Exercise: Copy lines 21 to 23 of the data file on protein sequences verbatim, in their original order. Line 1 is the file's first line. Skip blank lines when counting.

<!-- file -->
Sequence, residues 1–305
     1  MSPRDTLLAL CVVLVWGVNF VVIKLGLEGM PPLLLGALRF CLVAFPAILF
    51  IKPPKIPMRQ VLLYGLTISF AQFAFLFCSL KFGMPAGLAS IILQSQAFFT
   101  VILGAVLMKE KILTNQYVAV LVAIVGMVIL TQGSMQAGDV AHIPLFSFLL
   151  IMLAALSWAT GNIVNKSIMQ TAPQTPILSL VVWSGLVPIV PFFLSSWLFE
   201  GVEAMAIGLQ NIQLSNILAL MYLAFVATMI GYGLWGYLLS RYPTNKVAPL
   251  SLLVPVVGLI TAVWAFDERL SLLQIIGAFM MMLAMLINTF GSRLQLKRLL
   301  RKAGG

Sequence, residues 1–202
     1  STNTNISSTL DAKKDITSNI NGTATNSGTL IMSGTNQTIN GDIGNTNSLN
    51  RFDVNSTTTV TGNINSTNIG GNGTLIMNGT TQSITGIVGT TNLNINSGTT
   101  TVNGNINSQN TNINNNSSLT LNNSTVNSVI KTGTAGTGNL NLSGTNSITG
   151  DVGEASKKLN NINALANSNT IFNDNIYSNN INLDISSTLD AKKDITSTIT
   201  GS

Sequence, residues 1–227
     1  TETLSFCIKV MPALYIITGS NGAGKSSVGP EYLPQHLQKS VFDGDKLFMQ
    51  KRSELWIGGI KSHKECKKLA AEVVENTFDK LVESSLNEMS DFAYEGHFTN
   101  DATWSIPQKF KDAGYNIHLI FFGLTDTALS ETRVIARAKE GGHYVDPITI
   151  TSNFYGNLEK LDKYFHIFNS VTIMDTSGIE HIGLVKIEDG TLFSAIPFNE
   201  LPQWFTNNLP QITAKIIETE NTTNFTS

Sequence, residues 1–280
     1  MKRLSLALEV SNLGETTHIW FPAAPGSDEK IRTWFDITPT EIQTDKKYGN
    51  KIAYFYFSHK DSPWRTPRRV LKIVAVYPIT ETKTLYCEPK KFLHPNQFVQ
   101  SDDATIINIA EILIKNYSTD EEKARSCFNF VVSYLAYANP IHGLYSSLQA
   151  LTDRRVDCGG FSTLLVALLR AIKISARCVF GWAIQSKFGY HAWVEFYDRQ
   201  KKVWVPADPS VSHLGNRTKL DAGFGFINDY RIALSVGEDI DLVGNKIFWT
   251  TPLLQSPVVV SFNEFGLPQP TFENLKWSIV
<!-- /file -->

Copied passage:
Sequence, residues 1–280
     1  MKRLSLALEV SNLGETTHIW FPAAPGSDEK IRTWFDITPT EIQTDKKYGN
    51  KIAYFYFSHK DSPWRTPRRV LKIVAVYPIT ETKTLYCEPK KFLHPNQFVQ